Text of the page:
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Catastrophe

"There never was a good war, or a bad peace."
Has anyone checked the chemical plant and power requirement needed to separate heavy water from H2O? I have a B.Sc. in Chemical Engineering, remember.

QUOTE
"Production of pure heavy water by distillation or electrolysis requires a large cascade of stills or electrolysis chambers and consumes large amounts of power, so the chemical methods are generally preferred.

The most cost-effective process for producing heavy water is the dual temperature exchange sulfide process (known as the Girdler sulfide process) developed in parallel by Karl-Hermann Geib and Jerome S. Spevack in 1943.[55]
QUOTE Heavy water - Wikipedia

Who is going to volunteer to go moons and install cascades of stills or electrolysis chambers? Ahhh OK, lets use the Girdler process. BUT check what chemical process equipment you need, and the power requirement for this too. And who is going there to operate it?
"The method is an isotopic exchange process between H2S and H2O ("light" water), that produces heavy water over several steps. It is a highly energy intensive process.[3]" Click here Girdler sulfide process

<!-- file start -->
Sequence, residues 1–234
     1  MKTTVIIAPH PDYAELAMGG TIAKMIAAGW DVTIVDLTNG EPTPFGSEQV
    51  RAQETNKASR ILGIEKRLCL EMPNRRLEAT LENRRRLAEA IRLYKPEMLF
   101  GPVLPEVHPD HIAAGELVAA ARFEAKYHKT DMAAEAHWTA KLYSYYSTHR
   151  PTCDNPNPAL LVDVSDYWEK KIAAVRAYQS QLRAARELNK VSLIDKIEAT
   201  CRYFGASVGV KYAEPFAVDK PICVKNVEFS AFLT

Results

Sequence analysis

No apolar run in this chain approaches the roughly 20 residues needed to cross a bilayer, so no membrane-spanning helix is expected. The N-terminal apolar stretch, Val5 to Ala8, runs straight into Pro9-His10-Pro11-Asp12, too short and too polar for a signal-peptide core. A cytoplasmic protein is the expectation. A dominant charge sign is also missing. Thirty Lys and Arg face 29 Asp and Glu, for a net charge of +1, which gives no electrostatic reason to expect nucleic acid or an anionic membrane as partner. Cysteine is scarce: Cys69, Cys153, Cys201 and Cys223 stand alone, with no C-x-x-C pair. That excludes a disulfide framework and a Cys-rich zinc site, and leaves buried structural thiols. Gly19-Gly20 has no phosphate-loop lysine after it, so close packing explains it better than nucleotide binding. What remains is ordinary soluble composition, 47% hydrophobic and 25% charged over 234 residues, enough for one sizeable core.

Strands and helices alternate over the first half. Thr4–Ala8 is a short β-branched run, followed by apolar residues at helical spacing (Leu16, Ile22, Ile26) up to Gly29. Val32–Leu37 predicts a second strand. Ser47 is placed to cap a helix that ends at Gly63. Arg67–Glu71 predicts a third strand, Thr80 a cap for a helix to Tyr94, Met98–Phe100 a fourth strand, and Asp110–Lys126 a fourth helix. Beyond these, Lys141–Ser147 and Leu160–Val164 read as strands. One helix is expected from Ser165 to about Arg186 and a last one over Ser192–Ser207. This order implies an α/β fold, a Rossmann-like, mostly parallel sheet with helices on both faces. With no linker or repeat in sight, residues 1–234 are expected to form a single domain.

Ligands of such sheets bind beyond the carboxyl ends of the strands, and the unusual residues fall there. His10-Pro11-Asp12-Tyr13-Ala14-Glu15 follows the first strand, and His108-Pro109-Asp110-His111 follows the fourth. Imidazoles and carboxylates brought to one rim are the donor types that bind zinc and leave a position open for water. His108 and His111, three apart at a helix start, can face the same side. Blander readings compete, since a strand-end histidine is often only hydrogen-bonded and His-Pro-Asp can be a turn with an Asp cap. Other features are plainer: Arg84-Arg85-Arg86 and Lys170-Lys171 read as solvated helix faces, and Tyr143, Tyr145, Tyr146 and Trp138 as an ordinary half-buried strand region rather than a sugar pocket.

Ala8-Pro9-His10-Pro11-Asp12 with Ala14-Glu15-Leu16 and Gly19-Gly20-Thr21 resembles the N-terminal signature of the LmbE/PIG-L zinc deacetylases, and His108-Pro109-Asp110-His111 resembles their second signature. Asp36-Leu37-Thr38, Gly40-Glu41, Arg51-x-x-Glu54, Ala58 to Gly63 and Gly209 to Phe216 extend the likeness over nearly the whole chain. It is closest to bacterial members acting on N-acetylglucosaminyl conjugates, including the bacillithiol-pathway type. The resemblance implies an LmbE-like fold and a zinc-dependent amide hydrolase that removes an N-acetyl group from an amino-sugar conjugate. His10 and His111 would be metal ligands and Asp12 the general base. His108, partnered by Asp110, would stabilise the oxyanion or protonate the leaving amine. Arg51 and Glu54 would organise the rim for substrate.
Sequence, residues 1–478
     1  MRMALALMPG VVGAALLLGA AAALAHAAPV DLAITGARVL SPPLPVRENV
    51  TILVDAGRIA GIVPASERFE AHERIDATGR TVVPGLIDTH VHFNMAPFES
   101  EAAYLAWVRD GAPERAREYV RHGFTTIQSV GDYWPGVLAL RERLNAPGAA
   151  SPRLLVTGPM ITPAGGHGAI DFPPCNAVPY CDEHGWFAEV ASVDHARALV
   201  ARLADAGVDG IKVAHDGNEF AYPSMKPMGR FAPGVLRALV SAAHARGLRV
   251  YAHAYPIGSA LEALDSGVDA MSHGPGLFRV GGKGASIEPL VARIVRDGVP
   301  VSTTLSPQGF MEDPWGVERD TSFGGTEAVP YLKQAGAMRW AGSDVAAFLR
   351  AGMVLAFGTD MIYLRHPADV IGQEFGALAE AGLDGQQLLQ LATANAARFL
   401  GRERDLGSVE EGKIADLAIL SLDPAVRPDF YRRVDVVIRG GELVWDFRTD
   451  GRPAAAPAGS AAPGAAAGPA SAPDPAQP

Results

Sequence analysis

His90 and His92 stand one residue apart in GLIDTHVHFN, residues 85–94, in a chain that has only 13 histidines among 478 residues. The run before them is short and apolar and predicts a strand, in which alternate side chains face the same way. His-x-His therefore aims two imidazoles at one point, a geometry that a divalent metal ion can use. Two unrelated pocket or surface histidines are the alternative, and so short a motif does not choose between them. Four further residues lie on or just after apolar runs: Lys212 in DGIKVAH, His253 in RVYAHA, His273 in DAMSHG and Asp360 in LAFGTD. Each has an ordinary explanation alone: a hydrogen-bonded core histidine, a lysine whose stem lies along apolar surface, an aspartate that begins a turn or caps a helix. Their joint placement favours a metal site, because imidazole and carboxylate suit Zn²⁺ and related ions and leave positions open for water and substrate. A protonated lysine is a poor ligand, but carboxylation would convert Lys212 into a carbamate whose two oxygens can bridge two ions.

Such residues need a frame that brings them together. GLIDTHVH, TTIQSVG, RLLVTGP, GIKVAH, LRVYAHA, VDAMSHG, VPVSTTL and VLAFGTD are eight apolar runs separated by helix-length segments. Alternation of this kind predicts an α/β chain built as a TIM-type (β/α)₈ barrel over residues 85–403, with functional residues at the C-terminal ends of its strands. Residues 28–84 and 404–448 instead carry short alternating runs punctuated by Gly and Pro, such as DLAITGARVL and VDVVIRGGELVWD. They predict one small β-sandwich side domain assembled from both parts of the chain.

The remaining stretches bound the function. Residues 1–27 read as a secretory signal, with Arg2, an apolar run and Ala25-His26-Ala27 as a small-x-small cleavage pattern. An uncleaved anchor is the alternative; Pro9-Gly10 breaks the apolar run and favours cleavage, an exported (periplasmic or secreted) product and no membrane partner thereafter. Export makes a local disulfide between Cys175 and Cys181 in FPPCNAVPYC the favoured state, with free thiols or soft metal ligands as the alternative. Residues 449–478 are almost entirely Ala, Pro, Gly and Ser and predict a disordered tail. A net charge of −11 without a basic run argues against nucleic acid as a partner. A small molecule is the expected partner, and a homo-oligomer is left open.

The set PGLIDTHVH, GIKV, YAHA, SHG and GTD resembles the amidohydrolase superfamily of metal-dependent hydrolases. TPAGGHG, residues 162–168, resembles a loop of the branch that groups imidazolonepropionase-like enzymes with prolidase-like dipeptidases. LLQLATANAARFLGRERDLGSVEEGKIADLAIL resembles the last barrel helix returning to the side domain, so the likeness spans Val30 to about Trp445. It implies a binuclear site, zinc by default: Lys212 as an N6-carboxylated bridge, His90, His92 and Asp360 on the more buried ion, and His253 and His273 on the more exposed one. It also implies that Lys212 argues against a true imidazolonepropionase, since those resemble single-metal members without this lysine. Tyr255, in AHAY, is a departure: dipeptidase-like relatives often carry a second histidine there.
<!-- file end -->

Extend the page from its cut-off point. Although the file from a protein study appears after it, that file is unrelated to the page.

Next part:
And you rule out the cost of bits of steel? What do you think all these stills and electrolysis chambers are made of? Or the cost of chemical plant and electricity for the Girdler process required on the moon?

Don't forget all the additional costs for transporting qualified personnel to build and operate these plants.

Oh, we can't afford the cost of steel, it's too expensive"

Cat :)

P.S. BTW, would you rather trust yourself to a steel cable or one made of ice?
"On the other hand, Stallabrass and Price13 and more recently Itagaki14 found the adhesive shear strength of ice to be quite low, ranging from 4 to 10 psia* (0.03-0.07 MPa) at 20°F (- 6.6°C) and 4 to 23 psia (0.03- 0.16 MPa) at a temperature of 30.2-59°F (- 1°-15°C)." My emphasis.
"The shear strength can reach 41 N/mm² (6000 psi) on steel."

*Note:
Is PSIA same as PSI?
PSIA is a term that describes the absolute pressure in PSI, including the pressure of the atmosphere. Absolute pressure is also sometimes referred to as “total pressure.” while average atmospheric surface pressure (at sea level) is roughly 14.7 PSIA.
So add 14,7 to "4 to 10" or "4 to 23"when comparing with 6000.
 
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Catastrophe

"There never was a good war, or a bad peace."